From these and other studies it appears that
animal abuse can be a part of a constellation
of family violence, which can include child
abuse and domestic violence. However, this
does not imply that children who are cruel to
animals necessarily go on to be violent
adults and adults who harm animals are not
necessarily also violent to their partners
and/or children. Investigation and/or
assessment are key to determining whether
there are any links between these factors
and the possible risks to the safety and
welfare of children, adults and animals.

(NSPCC leaflet)…/understandingthelinks_wdf48177.pdf

Battered Women’s Reports of Their Partners’
and Their Children’s Cruelty to Animals
By Frank R. Ascione, Ph.D,
Utah State University, Logan, Utah
Originally published in Journal of Emotional Abuse, Vol. 1(1) 1998
ABSTRACT. Anecdotal reports of cruelty to pet animals in families where partner battering occurs are common but there exist few empirical data on this issue. Determining the forms and prevalence of such cruelty is important since abuse of pets may be a method batterers use to control their partners, may be related to batterers’ lethality, and may result in children in such families being exposed to multiple forms of violence, a significant risk for mental health problems. Thirty-eight women seeking shelter at a safe house for battered partners voluntarily completed surveys about pet ownership and violence to pets. Of the women reporting current or past pet ownership, 71% reported that their partner had threatened and/or actually hurt or killed one or more of their pets. Actual (as distinct from threatened) harm to pets represented the majority (57%) of reports. Fifty-eight percent of the full sample of women had children and 32% of these women reported that one or more of their children had hurt or killed pet animals; in 71% of these cases, the women had also reported animal abuse (threatened or actual) by their partner. This study represents one of the first empirical analyses of the prevalence of animal maltreatment in a sample of battered women. The high prevalence rate of batterers’ threatened or actual harm of animals and the relatively high rate of animal abuse reported for the children in this sample are relevant for future research and policy analyses.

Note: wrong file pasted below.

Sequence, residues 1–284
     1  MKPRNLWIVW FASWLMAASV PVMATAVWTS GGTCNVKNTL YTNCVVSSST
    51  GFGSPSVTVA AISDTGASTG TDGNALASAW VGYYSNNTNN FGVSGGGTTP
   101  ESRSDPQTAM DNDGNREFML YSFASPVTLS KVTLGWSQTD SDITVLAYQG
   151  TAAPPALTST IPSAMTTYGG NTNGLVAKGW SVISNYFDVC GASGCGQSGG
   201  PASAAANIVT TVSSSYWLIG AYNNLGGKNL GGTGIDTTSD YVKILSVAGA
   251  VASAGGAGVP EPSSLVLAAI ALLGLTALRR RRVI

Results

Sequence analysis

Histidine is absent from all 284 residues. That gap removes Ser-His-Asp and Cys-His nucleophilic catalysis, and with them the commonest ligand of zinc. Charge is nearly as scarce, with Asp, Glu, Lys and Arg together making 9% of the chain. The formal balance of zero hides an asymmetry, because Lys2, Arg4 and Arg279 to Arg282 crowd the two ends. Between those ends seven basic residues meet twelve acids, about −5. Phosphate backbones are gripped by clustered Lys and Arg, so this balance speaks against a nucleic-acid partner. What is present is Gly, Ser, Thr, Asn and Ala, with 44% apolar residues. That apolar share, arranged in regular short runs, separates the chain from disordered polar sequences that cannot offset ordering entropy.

Battered Women’s Reports of Their Partners’ and Their Children’s Cruelty to Animals

Oh, and free-will covers the choice you make about how much cruelty you are happy to accept as the price for your food.

Mar 13, 2011

Panda Terrified by Earthquake

From The Week


Oct 24, 2010

The Wild Geese

Surely one of the most evocative pieces of writing Scotland can offer. Violet Jacob’s beautiful poem written in the Doric of Angus is ripe with emotion of a returning exile once more in the heart of his beloved Angus glens and overhead, ‘a lang, lang skene o’ beatin’ wings wi’ their heids towards the sea’.

‘Oh, tell me what was on yer road, ye roarin’ norlan
As ye cam’ blawin’ frae the land that’s niver frae my mind?
My feet they trayvel England, but I’m deein’ for the north—’
‘My man, I heard the siller tides rin up the Firth o’ Forth.’

‘Aye, Wind, I ken them well eneuch, and fine they fa’ and rise,
And fain I’d feel the creepin’ mist on yonder shore that lies,
But tell me, ere ye passed them by, what saw ye on the way ?’
‘My man, I rocked the rovin’ gulls that sail abune the Tay.’

‘But saw ye naethin’, leein’ Wind, afore ye cam’ to Fife?
There’s muckle lyin’ yont the Tay that’s mair to me nor life.’
‘My man, I swept the Angus braes ye haena trod for years—’
‘O Wind, forgie a hameless loon that canna see for tears!—’

‘And far abune the Angus straths I saw the wild geese flee,
A lang, lang skein o’ beatin’ wings wi’ their heids towards the sea,
And aye their cryin’ voices trailed ahint them on the air—’
‘O Wind, hae maircy, haud yer whisht, for I daurna listen mair!’